ANC issues 'fake news' alert after WhatsApp message goes viral

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The ANC has warned its members not to believe fake news articles that are being distributed on WhatsApp.
The ANC has warned its members not to believe fake news articles that are being distributed on WhatsApp.
  • WhatsApp is being used to distribute false messages about the ANC NEC's meeting. 
  • Two messages, purporting to be News24 articles, were distributed over WhatsApp in the past three days.
  • The ANC has cautioned its members not to believe these fake articles. 

The ANC has alerted its members that a fake news article, purporting to be from News24, is being distributed on the messaging platform WhatsApp. 

In a message posted by the governing party's Twitter account, a bright red "fake news alert" was pasted on the false article, that claims an ANC official had altered a media statement by the party's national executive committee (NEC) without informing the ANC's officials.

This was the second time in the past three days that a fake news article, using News24's brand, had been distributed via WhatsApp. The first message on Saturday claimed that the party had suspended Carl Niehaus, an employee in Secretary-General Ace Magashule's office, and coordinator of the so-called "Radical Economic Transformation" faction in the party.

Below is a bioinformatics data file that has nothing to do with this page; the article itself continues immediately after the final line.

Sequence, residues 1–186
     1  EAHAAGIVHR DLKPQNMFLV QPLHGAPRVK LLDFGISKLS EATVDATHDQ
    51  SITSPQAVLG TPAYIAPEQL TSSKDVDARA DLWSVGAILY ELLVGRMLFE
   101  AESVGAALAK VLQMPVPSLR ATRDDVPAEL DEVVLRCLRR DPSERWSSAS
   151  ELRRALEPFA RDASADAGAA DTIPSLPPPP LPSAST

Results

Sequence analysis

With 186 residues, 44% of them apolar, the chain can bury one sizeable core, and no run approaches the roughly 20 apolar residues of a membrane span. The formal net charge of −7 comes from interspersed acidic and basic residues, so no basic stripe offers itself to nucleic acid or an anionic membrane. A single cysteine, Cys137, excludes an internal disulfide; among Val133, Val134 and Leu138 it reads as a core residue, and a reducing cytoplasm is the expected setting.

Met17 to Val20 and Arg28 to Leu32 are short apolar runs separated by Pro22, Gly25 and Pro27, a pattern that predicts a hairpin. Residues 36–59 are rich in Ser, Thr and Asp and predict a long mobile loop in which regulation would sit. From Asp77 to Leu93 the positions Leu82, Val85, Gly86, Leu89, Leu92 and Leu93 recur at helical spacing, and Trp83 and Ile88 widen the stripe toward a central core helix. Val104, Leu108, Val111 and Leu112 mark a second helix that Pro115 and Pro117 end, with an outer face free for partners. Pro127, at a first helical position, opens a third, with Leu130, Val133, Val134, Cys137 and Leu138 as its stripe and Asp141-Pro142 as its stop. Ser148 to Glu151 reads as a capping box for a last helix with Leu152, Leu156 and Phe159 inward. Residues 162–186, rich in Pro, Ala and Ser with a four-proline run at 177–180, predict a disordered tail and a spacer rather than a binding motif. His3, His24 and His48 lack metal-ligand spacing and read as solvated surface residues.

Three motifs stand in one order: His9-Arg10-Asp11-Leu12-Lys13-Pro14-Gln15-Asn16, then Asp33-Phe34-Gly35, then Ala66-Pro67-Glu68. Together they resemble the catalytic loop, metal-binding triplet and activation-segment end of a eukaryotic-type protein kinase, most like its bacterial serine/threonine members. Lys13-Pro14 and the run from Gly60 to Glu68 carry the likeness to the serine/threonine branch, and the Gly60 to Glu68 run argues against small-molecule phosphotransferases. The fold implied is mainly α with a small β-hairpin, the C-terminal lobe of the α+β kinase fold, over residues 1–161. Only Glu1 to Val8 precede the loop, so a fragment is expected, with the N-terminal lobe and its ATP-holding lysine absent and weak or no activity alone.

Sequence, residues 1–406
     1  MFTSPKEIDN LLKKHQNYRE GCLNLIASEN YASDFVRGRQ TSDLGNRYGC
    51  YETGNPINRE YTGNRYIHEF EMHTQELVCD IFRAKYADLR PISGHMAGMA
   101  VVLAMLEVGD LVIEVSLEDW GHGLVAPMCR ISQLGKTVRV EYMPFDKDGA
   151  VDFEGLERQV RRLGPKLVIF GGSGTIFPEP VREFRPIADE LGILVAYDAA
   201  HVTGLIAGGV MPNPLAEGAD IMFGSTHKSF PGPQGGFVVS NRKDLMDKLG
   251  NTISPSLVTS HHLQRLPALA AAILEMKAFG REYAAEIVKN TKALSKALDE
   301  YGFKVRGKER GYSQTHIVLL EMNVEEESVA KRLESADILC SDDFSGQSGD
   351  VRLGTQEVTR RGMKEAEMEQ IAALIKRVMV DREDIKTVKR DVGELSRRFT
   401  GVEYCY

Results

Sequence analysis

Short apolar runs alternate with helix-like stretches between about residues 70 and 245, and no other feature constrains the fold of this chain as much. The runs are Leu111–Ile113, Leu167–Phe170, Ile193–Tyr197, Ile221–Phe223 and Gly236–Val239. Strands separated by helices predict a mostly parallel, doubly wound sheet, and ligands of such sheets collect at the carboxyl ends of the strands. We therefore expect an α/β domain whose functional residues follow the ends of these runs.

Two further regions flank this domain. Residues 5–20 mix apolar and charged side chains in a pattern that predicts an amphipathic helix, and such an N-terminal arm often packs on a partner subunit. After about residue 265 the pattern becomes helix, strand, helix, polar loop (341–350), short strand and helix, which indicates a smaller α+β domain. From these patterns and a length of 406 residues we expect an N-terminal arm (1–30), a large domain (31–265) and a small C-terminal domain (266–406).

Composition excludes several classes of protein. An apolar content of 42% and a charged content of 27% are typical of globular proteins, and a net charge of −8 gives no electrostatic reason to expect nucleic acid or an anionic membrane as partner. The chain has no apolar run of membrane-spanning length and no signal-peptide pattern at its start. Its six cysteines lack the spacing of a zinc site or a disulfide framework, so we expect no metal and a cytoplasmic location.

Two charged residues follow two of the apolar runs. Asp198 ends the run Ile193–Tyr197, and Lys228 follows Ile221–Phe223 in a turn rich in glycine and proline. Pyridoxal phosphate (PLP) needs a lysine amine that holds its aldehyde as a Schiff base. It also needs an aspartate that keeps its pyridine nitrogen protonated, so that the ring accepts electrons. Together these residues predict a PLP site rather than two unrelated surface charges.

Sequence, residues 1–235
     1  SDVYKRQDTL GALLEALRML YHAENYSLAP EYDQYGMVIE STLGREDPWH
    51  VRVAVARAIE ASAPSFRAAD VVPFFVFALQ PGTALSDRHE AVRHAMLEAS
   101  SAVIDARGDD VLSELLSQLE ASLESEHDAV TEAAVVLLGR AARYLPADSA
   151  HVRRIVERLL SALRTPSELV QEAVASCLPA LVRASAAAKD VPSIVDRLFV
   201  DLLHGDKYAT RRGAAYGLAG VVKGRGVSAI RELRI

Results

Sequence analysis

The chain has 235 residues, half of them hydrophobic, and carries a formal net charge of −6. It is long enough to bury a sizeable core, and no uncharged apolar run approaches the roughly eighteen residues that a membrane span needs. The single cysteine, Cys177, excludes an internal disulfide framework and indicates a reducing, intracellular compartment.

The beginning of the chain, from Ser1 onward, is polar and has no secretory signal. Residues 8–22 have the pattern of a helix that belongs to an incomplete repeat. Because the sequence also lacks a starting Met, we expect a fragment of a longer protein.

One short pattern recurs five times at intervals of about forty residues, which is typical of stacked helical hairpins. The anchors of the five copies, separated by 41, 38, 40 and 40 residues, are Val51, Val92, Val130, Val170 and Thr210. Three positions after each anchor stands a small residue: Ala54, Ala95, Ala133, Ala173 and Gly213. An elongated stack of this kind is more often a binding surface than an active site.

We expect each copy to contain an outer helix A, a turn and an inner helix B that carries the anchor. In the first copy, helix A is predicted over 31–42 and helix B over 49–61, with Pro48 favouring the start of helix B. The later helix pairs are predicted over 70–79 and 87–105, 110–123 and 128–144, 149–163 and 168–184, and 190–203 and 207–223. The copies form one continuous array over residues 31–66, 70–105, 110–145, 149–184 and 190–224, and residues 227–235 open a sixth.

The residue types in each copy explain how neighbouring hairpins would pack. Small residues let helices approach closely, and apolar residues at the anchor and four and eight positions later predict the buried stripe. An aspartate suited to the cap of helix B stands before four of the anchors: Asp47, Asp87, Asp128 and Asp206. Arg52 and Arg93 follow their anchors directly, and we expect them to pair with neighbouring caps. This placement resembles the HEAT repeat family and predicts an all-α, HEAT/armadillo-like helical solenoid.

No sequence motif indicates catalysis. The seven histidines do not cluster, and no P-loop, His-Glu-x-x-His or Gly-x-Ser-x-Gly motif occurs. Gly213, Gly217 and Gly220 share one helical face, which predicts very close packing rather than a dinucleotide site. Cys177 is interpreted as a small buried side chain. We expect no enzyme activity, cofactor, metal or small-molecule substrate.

These false articles are written and designed in a way to look authentic. These latest two articles were distributed during the crucial meeting of the ANC's NEC, during which the party was expected to deal with Magashule's fate in light of the corruption charges he faces.

News24's editor-in-chief, Adriaan Basson, has warned the reading public to be extremely vigilant when receiving "news articles" on messaging platforms like WhatsApp.

"There has definitely been an increase in these types of fake news articles, that use our logo and URL to distribute misinformation. They abuse our brand to lend legitimacy to their fake news," Basson said. 

He recommended that readers visit the websites of the news brands that supposedly write these articles, if they are unsure of their authenticity. "We don't publish articles on WhatsApp. We publish on News24's website, mobile site and app. If you receive one of these dodgy messages on WhatsApp, please go to our website to check if the article really exists," Basson said.

In their latest trust barometer study, consultancy firm Edelman found that 76% of participants globally were concerned about fake news being used as weapons. Higher Education Minister Blade Nzimande recently cautioned that fake news could hamper South Africa's rollout of Covid-19 vaccines. 


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